When working with compositional processes, we have a lot of assumptions, – whether we make it clear or not.

Since we have these assumptions in any case, we can as well make them explicit.

How we look at the work with compositional processes differs from person to person, and therefore it makes no sense to search for a unifying theory, a synthesis or an all-encompassing explanation.

When I draw the following assumptions as the basis for a conceptual framework, I base it on the reflections over my own practice. This should not be seen as an expression of an underlying truth, – it is a construction, and as such it can and must be discussed and changed depending on how practice develops.
  1. Compositional processes are part of everyday life. Bringing elements of daily life into play in new ways that can bring about change in the collective is a fundamental human competence
  2. Compositional processes are necessarily embedded in collectives, and unfold with the collective as a framework.
  3. They may unfold with sound as a medium, but also using other media
  4. The choice of media for the processes is related to the type of change that is needed in the collective
  5. Collectives may be more or less culturally sustainable, ie. more or less competent to independently perform transformational processes
  6. Culturally sustainable change happens through successful compositional processes
  7. The relationship between daily life and compositional processes is direct, mimetic and cross modal
  8. Compositional processes draw on forms derived from everyday life. These forms are transferred to other modalities or extended / modulated in the modality it was originally expressed in.
  9. The correlation between daily life processes and compositional processes is symmetric in the sense that daily life relate mimetically to the compositional processes, and successful compositional processes allow a reversal that creates culturally sustainable change.
Compositional processes are cyclical. They base themselves on daily life forms and rhythms and the specific way these unfold in time and space, extracting characteristics of them. These features are processed, prolonged, extended and pulled together and the forms and rhythms are combined in different ways, establishing ‘something else’. And from this something else the rhythms and forms are transferred back to daily life, in a manner similar to the first, challenging, supplementing and transforming the usual forms and rhythms of daily life.In the cyclic movement departing from daily life across ‘something else’ and back again, it makes sense to speak of three stations or poles:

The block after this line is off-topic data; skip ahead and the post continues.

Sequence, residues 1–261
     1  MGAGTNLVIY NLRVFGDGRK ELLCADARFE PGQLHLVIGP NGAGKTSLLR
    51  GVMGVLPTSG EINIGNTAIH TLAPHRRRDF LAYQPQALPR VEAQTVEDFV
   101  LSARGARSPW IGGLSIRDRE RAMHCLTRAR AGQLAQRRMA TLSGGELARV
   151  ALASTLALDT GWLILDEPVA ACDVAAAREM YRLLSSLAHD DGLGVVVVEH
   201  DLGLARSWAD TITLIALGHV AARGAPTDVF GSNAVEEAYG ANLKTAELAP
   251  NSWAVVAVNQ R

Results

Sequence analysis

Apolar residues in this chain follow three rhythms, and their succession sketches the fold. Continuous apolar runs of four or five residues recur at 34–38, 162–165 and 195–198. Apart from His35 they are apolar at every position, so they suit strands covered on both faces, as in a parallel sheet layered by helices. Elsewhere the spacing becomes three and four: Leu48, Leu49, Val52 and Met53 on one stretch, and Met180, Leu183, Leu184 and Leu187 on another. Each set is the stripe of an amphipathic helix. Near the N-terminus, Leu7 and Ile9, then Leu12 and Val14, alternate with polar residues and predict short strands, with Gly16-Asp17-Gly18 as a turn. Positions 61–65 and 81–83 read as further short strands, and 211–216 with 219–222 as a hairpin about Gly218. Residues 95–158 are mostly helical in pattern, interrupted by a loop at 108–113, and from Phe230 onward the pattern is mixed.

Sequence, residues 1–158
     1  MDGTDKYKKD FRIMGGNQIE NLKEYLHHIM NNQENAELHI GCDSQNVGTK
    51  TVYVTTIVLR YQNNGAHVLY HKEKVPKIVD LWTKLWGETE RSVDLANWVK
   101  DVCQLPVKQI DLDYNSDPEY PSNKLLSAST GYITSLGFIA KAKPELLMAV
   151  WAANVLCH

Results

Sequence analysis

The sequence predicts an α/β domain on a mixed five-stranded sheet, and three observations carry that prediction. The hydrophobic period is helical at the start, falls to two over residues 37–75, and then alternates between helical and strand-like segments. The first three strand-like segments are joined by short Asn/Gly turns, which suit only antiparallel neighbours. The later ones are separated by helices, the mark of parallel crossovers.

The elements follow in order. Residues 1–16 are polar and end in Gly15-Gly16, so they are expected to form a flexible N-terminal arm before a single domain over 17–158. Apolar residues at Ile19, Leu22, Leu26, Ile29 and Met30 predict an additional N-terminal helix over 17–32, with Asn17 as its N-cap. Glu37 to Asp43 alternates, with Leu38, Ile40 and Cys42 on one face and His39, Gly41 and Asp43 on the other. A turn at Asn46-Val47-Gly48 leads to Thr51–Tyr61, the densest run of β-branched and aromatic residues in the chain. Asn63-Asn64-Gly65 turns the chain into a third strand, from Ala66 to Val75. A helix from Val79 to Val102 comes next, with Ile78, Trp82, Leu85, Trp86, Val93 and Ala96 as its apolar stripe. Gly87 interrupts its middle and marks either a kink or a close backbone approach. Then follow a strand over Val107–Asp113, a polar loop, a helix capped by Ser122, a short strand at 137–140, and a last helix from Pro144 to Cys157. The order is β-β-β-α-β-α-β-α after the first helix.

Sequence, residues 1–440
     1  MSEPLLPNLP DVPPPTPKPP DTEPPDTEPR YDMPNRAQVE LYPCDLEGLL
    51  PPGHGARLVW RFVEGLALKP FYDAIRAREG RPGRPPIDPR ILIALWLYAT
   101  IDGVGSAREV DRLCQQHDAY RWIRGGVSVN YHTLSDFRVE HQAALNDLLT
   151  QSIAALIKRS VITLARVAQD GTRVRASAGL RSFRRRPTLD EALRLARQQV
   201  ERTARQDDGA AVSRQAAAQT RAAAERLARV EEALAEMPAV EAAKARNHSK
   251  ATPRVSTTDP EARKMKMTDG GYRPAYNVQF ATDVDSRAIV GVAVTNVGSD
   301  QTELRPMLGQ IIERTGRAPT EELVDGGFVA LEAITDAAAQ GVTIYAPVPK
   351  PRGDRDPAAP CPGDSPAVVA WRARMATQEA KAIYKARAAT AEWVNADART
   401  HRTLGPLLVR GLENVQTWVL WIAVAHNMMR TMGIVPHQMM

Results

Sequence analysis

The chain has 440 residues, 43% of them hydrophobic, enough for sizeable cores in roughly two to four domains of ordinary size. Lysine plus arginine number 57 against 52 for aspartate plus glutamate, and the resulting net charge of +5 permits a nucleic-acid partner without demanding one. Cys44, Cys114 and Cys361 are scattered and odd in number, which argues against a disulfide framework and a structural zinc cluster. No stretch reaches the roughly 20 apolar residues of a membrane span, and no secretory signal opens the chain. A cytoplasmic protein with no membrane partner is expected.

• Lived time
  • Script
  • Assemblage
The starting point for the compositional processes is daily life, – lived time. The rhythms, movements, impulses, narratives, etc. of the collective, and how these interact internally and with other communities are the very foundation of our compositional processes.

When we act together in a community, we are guided by different sets of more or less explicit rules or scripts. They can influence back on our daily lives in good and bad ways, but we can be aware of them and use them in compositional processes. Let’s call this process scripting. Good scripting is when one is aware of everyday life rhythms, analyse them well, and draw different ‘composable’ patterns out.

To compose is to put these patterns together in certain ways. A good composition process is when you bring (good) scripts into play, in a way so the process can feed back and create healthy change for the collective.

In the process between assemblage and lived time there will be a reversal, a transferthat can be clarified and strengthened through reflection. The items that are made in the composing towards the assemblage-pole, are being composted, as we move along to the lived time pole: they are broken down into smaller components in a way so that they can be part of a new compositional cycle.

The three poles are to be understood as snapshots. The relation between them is gradient, and they interact with each other in both directions. In this presentation, we assume that these processes are flowing freely in cultural sustainable communities.

There is sometimes a need for the facilitation of the processes. Good facilitation is when the facilitator 1) is able to read the collective’s own natural compositional cycle, 2) take responsibility for identifying controversies / arrhythmia, and 3) provide participants with tools to (re)create a culturally sustainable situation.

Related reading: Unmusic (akutsk.wordpress.com)

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